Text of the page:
www.digitalmars.com         C & C++   DMDScript  

digitalmars.D - suggestion: read-only array-reference

reply Hasan Aljudy <hasan.aljudy gmail.com> writes:
I've posted a draft of this proposal on D.Learn but I think not many 
people visit there, plus this time it's a bit simplified.

This is a suggestion that aims to guarantee compile-time "read-only" 
correctness for arrays passed to and/or returned from functions.

Introduce a new type of array-reference, that proveds "read-only" 
interface to the contents of the array.

I'm using the term "array reference" because array types in D are 
actually references.

This proposed reference is a new type, that's strongly enforces by the 
compiler.

You can make a read-only array reference refer to any array (including 
slices, of course) but this reference doesn't provide any methods to 
modify the content of the array, not its length.

Any normal array can be converted/casted to a read-only reference, but 
read only references cannot be casted to anything; never.

More over, normal array references should be implicitly castable to 
read-only array referencs.
Normal arrays should provide a property "readonly" that returns a 
read-only reference to the array.
so, if xyz is an array, then xyz.readonly returns a read-only reference 
to xyz.

Of course, if you hold a normal reference to an array that's also 
referred to by a read only reference, you can still change the array 
using the normal reference, but that's not the point.

The point is, you can pass the read-only reference to functions, knowing 
for sure that these functions cannot change the array. More over, this 
guarantee is enforced by the compiler at compile-time.

Just like the compiler will not let you call
foo.bar();
if foo doesn't expose a method called bar().
The compiler will not let you call
abc[4] = 'h';
if the abc is a read-only reference.

The proposed read-only reference allows you to:
-read elements from the array and iterate over them
-read a slice (the slice operation returns a read-only reference)
-read the length
-let it refer to another array

It doesn't allow you to:
-write to/change any element
-write to/change any property
-get a pointer to the array
-cast it to a normal array


It's basically something like the following class, but built into the 
language as another array type:
class ReadOnlyArrayReference(T)
{
	private:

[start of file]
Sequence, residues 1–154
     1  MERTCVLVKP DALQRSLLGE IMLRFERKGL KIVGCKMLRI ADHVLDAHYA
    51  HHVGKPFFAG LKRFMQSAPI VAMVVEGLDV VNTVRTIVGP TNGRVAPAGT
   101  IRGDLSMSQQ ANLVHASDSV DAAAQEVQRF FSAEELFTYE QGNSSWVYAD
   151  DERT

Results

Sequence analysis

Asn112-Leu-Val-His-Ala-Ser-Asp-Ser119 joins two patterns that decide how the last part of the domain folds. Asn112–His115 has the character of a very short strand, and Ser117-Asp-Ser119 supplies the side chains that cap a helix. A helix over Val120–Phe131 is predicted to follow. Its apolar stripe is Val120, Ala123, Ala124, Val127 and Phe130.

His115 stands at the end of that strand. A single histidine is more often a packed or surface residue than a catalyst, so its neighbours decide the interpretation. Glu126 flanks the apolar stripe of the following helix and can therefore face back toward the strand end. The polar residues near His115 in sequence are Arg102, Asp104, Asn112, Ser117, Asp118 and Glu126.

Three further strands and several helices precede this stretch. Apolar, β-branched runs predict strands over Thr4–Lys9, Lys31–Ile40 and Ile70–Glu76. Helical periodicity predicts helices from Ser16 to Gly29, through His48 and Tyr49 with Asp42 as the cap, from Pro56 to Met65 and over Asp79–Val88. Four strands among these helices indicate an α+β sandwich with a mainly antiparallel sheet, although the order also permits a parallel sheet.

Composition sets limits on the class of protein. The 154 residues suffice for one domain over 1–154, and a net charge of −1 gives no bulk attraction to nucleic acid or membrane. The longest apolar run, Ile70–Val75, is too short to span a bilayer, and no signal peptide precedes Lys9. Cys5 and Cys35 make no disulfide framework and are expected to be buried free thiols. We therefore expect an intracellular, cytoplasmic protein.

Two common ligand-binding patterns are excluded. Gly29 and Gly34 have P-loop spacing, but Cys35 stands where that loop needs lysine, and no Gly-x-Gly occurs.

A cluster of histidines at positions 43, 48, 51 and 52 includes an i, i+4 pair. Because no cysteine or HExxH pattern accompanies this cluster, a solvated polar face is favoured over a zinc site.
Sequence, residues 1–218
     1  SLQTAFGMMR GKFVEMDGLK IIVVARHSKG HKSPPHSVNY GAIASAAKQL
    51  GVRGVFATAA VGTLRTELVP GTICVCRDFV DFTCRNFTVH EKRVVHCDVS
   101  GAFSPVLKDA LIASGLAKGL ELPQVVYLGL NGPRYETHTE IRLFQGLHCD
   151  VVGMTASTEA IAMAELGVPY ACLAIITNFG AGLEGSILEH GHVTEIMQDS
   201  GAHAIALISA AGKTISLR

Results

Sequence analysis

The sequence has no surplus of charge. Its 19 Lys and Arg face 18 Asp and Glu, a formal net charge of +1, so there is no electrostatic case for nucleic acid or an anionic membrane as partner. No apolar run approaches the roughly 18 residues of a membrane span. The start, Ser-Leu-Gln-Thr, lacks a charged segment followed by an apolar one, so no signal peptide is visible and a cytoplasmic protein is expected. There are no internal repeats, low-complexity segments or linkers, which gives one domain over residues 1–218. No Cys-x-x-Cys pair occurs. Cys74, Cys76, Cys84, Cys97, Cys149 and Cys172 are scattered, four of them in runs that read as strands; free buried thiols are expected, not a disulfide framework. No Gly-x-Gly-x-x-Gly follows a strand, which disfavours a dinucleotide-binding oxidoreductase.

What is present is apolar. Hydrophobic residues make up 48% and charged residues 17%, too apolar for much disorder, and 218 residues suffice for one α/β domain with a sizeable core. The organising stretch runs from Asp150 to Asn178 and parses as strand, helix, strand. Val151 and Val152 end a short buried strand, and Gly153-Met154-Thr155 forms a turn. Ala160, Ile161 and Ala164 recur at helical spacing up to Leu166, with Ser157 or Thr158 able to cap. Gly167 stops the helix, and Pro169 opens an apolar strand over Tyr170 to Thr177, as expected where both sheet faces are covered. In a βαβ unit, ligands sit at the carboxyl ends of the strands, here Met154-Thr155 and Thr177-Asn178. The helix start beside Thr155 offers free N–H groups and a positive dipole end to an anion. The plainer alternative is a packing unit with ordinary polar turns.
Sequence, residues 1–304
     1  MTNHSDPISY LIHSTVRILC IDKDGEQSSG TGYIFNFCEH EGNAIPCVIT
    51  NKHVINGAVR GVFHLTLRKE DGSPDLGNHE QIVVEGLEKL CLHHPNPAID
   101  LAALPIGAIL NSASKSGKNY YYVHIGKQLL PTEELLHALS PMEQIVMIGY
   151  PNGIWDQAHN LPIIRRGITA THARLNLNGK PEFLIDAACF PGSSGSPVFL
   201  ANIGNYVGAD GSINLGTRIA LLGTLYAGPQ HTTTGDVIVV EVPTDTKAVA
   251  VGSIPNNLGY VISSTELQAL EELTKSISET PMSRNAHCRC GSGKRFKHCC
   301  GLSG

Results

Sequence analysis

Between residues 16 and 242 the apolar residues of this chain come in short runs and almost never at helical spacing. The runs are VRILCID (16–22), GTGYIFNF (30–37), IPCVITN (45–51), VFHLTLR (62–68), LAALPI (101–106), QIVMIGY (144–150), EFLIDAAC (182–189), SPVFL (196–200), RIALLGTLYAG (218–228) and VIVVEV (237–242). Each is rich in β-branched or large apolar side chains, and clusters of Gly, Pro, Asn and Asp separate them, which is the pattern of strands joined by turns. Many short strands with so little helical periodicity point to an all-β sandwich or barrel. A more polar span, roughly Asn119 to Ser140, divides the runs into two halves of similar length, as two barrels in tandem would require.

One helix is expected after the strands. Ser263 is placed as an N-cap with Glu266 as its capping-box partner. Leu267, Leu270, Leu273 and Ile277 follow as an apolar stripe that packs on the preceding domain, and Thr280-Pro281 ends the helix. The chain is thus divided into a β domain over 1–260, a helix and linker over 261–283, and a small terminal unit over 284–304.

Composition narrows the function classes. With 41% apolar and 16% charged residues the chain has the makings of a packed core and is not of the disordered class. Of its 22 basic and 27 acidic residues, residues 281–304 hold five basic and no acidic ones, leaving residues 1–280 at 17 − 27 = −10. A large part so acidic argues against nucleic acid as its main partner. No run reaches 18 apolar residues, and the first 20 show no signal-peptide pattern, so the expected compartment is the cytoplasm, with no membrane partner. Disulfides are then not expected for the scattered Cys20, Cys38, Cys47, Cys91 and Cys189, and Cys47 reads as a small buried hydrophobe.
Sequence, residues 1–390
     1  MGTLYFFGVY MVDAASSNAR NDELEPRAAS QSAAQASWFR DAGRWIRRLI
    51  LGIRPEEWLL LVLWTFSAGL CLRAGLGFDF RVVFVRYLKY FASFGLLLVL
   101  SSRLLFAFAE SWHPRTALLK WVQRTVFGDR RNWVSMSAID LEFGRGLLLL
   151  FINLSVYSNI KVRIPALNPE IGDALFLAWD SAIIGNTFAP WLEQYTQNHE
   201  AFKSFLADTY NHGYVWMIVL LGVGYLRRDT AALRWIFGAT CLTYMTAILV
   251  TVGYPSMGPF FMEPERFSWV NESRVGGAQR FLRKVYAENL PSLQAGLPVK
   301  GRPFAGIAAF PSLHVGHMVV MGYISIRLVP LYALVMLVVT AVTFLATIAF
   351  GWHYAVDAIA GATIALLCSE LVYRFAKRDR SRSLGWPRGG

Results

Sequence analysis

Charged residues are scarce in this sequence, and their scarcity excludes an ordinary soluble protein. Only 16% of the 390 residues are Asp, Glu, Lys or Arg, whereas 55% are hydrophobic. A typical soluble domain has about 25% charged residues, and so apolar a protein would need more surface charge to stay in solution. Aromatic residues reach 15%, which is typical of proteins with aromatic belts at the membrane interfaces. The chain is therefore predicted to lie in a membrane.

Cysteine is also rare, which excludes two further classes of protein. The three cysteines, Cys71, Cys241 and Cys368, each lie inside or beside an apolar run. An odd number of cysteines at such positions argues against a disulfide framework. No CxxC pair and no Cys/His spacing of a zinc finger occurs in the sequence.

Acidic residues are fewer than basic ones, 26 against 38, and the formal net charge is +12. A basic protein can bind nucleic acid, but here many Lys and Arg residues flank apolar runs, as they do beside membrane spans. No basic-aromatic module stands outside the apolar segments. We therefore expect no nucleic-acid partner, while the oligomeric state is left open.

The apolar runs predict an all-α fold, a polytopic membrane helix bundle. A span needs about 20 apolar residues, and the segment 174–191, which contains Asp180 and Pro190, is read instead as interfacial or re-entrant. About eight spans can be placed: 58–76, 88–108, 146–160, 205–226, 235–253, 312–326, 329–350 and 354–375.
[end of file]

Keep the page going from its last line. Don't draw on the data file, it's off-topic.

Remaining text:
T[] array; //internal array reference
	
	public:

	this()
	{
	}
		
	this( T[] a )
	{
		array = a;
	}

	void set( T[] a )
	{
		array = a;
	}

	typeof(array.length) length()
	{
		return array.length;
	}

	typeof(array.dup) dup()
	{
		return array.dup;
	}

	typeof(array[0]) opIndex( int i )
	{
		return array[i];
	}

	typeof(this) opSlice( int i, int j )
	{
		return new ReadOnlyArrayReference(array[i..j]);
	}

         //probably some more ...
}

It's just a wrapper around an array, but it hides the actual array 
reference and doesn't provide any interface for changing the contents of 
the array.

Of course, if the array contains object references, then you cannot 
change the references, but you can still change the objects themselves 
using the references.
However, I believe that's not a big issue.

The only thing that I can't figure out is what syntax is appropriate.
Currently, we use [] to declare arrays:

type[] x; //x is a reference to an array.

Maybe we can use [!] to declare read only references:
type[!] x; //x is a read-only reference to an array.
or something like that.

It should still be OK to create complicated types, like:

type[!][3] x; // x is an array of 3 read-only array references

and so on ...

If this gets implemented, then phobos could be rewritten to always take 
read-only references to char arrays (strings) and the such.
This implies that COW protocol wouldn't be needed, since you can't write 
to these arrays anyway.

Examples of usage:
--------------
//assume abc is already declared as a read-only reference to a char array
//holding the string "hello";

char c = abc[3]; //ok, you can read elements
abc[2] = 'x'; //error, can't write to elements
auto x = abc.ptr; //error, can't get pointer and/or no such property
abc.length = 7; //error, can't write to a property and/or not set method 
exists for property "length"
abc = "audi"; //ok, abc now refers to another array, the original
               //string "hello" remains intact.
auto r = abc.length; //ok, you can read the length property
char[] b = abc; //error, cast not allowed.
char[] b = abc.dub; //ok, duplicating produces a normal array reference 
.to the duplicated array
foreach( a; abc ) //ok, you can iterate over the array
{
  ....
}
------------

all errors indicated above are compile-time errors.
Jul 19 2006
parent reply xs0 <xs0 xs0.com> writes:
Hasan Aljudy wrote:

 [snip]

First, let me just say I'm all for compile-time verification as much as possible. But, your proposal has a problem - it introduces an entirely new type. You still can't write one function for both readonly and mutable arrays. You still can't know if you need to COW or not. As soon as a function takes a readonly parameter, all the functions it calls in turn also need to be declared readonly.. At the cost of some verbosity, the same effect can already be achieved with a simple array wrapper... xs0
Jul 19 2006
parent reply Hasan Aljudy <hasan.aljudy gmail.com> writes:
xs0 wrote:
 Hasan Aljudy wrote:
 
  > [snip]
 
 First, let me just say I'm all for compile-time verification as much as 
 possible.